We had a great meetup here in Seattle last night. There were around 15 women who came, with or without kids, to have dinner at the Seredipity Cafe. (Which was excellent, we thought. Mmmm, mac and cheese with truffle oil...)
We talked about a bunch of things, ranging from food allergies to couples' therapy to baby signing to food and politics. But one thing we talked a lot about was sleep.
I've been saying for years that I think sleep is our generation's thing. Our big problem, and the thing that seems to hurt us most and make us feel most inadequate. Past generations had different things--my grandmother was upset that my dad wasn't potty-trained by the time he was a year old, for example. But sleep is ours.
I think there are several reasons for that. Probably the single biggest one is that we don't put our kids to sleep on their stomachs. Our parents put us down on a full belly and we'd fall and stay asleep easily. Since we know we can't do that because of the SIDS risk, we lack the one surefire trick past generations used to use. (I also think this is why we don't get much sympathy from older generations about the sleep thing, because they just didn't experience the same number of problems we did.)
Another factor is that past generations were more likely to have an adult at home during the day, which meant there wasn't that same crazy pressure to get everything Perfect before maternity leave ended. Past generations were also more likely to live closer to home, and have family support. Lots of us now don't have any kind of safety net, and are doing it all alone or close to alone. That makes the sleep thing more high-stakes.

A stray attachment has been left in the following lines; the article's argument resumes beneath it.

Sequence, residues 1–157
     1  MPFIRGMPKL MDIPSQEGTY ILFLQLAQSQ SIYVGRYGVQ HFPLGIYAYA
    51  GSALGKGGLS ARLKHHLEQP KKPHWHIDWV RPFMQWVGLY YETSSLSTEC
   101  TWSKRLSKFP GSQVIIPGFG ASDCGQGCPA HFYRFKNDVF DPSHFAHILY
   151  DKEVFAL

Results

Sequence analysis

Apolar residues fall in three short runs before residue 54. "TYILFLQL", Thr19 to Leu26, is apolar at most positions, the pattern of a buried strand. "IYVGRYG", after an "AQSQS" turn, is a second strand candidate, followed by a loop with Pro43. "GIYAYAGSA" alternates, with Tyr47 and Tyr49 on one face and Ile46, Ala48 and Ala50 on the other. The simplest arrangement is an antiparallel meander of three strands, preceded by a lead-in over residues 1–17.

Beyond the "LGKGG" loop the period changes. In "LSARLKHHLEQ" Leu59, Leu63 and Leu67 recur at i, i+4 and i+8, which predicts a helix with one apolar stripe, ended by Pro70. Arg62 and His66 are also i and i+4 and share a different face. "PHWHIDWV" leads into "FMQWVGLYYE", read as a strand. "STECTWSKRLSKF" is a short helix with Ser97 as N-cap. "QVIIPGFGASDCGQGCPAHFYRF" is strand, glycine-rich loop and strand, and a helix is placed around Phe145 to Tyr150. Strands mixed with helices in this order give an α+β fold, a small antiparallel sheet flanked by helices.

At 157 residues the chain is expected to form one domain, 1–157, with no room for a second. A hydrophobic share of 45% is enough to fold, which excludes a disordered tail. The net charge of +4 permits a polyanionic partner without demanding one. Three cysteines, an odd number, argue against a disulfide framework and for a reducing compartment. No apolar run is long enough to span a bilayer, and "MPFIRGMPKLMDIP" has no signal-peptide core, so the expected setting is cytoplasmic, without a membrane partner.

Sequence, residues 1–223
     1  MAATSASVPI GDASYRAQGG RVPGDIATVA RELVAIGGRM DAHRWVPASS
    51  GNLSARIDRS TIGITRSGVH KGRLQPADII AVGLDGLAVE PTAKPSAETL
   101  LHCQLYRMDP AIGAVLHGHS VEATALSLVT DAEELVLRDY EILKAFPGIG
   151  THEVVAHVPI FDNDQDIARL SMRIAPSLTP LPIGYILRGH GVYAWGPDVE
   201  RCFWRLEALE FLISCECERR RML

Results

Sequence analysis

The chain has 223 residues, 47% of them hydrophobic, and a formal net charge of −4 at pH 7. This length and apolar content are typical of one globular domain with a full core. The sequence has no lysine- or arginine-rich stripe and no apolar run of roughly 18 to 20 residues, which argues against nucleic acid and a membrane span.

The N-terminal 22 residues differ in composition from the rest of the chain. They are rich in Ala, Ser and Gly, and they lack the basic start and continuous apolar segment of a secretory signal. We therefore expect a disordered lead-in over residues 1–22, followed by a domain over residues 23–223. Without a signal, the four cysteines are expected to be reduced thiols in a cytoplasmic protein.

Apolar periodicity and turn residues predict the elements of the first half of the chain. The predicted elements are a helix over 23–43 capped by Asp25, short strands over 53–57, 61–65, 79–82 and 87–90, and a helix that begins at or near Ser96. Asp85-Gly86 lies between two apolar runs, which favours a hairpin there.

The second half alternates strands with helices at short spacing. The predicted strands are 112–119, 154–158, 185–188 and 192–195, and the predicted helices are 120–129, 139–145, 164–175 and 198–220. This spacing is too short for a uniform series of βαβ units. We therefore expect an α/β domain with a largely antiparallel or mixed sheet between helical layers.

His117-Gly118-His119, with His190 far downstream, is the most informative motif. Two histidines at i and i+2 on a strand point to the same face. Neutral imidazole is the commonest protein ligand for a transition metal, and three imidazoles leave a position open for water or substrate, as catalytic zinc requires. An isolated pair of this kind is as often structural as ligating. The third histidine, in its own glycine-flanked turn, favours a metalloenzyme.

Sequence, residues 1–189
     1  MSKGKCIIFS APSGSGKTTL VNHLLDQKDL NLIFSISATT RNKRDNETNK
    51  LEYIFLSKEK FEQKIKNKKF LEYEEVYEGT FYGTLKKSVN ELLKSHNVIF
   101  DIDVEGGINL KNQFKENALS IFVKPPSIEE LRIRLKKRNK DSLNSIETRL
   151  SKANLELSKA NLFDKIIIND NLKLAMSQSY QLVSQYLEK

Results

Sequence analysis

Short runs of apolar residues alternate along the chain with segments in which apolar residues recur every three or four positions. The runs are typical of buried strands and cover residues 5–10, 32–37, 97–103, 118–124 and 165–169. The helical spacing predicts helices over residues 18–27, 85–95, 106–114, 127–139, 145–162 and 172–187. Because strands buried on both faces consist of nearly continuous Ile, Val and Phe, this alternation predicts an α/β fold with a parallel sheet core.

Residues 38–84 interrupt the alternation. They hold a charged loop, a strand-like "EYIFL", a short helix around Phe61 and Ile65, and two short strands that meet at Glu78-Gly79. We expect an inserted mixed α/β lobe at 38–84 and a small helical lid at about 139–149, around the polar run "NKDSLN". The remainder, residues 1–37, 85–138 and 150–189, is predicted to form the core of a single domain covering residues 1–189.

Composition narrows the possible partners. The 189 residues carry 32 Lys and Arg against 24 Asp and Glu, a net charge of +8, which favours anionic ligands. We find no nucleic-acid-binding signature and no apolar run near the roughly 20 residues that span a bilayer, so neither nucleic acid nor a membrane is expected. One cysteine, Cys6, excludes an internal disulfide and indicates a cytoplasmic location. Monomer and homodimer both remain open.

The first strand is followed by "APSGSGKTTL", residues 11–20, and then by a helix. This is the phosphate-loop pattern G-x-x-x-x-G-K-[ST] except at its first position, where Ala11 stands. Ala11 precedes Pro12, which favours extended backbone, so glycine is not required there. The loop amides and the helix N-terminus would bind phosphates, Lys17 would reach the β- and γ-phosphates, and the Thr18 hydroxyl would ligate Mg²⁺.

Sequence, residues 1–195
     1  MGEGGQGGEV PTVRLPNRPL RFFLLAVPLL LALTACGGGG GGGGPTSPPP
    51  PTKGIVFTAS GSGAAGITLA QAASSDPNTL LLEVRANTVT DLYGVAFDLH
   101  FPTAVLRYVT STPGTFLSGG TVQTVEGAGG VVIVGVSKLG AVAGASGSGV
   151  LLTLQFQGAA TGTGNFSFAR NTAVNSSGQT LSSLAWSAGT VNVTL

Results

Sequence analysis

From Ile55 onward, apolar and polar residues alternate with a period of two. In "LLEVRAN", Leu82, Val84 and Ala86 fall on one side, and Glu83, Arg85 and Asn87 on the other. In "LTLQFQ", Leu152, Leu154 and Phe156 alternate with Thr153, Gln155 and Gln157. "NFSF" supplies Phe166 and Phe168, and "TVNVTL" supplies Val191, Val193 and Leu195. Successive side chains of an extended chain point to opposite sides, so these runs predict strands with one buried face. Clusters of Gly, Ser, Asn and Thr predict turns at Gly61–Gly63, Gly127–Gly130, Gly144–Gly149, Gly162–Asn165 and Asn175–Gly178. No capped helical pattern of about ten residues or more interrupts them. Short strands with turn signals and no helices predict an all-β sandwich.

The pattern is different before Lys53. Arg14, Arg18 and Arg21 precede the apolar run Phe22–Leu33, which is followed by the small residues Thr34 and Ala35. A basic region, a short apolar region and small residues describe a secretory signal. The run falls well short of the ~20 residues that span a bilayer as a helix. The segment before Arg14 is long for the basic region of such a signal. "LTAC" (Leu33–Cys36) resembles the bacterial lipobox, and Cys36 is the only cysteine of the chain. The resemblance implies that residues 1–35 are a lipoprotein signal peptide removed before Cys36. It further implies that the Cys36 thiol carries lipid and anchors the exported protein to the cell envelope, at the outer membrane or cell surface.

And yet another factor is that we have so many more "experts" now. In the past, there was basically Dr. Spock and maybe one or two others. So if what he wrote didn't work for your kid, you just confronted the Dark Night of the Soul of being a parenting failure, made peace with it, and moved on.
Now, if you absolutely can't conform to what an expert says, you feel like a failure, but you move on to another expert, and the cycle begins afresh. How many times have you heard "Weissbluth made me feel like a failure and Pantley was totally useless but the Sleep Lady Shuffle saved me!" or "Dr. Sears can suck it but Ferber changed my life!"? So much drama, trying to follow someone else's Method. If you'd just been allowed to trust yourself, and given a list of possible things to try, you'd have gotten there in the same amount of time, but feeling empowered by your ability to figure your own kid out. (this is also why there's such passion about CIO vs. not--if everyone just was allowed to figure it out for their own kid without feeling like it indicated anything about them or the kid, it wouldn't be such a huge symbol of everything that we all had to get defensive about.)
Any thoughts? Lamentations? Words of hope for those in the trenches? Other hypotheses?